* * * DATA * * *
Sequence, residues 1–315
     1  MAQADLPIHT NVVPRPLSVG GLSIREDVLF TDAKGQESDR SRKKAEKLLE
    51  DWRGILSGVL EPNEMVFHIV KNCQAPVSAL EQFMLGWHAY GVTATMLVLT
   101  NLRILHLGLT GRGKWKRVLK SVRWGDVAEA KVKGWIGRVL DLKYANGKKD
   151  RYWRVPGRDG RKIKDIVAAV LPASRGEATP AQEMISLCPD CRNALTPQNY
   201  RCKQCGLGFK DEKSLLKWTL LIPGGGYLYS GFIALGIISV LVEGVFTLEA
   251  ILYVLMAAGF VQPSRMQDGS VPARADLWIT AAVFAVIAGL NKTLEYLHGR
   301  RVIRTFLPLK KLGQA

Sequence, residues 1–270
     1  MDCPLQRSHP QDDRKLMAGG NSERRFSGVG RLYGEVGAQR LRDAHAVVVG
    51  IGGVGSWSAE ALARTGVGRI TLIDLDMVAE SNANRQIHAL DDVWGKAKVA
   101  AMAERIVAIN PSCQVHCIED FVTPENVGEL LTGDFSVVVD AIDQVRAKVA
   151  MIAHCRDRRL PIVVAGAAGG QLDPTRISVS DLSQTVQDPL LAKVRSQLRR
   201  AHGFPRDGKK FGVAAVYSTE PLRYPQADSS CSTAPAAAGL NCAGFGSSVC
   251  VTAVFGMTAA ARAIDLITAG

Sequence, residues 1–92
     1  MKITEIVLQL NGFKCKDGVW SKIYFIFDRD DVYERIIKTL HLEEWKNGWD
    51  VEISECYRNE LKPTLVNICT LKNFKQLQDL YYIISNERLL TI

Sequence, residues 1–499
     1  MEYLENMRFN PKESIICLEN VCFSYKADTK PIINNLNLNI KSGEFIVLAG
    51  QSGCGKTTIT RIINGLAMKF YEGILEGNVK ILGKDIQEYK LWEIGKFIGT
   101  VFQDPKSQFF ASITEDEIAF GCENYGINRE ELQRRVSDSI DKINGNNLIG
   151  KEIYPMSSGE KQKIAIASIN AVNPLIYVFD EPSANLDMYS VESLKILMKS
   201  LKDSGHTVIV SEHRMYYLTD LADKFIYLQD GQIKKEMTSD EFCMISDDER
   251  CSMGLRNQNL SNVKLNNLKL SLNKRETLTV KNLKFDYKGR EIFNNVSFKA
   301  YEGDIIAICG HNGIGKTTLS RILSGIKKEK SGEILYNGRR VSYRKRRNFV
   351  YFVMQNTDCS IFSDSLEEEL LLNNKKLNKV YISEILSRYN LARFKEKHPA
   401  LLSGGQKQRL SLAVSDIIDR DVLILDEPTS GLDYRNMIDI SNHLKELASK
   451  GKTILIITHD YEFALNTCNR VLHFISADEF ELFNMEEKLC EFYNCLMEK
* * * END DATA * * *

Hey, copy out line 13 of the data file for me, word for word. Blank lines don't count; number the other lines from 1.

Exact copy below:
   151  MIAHCRDRRL PIVVAGAAGG QLDPTRISVS DLSQTVQDPL LAKVRSQLRR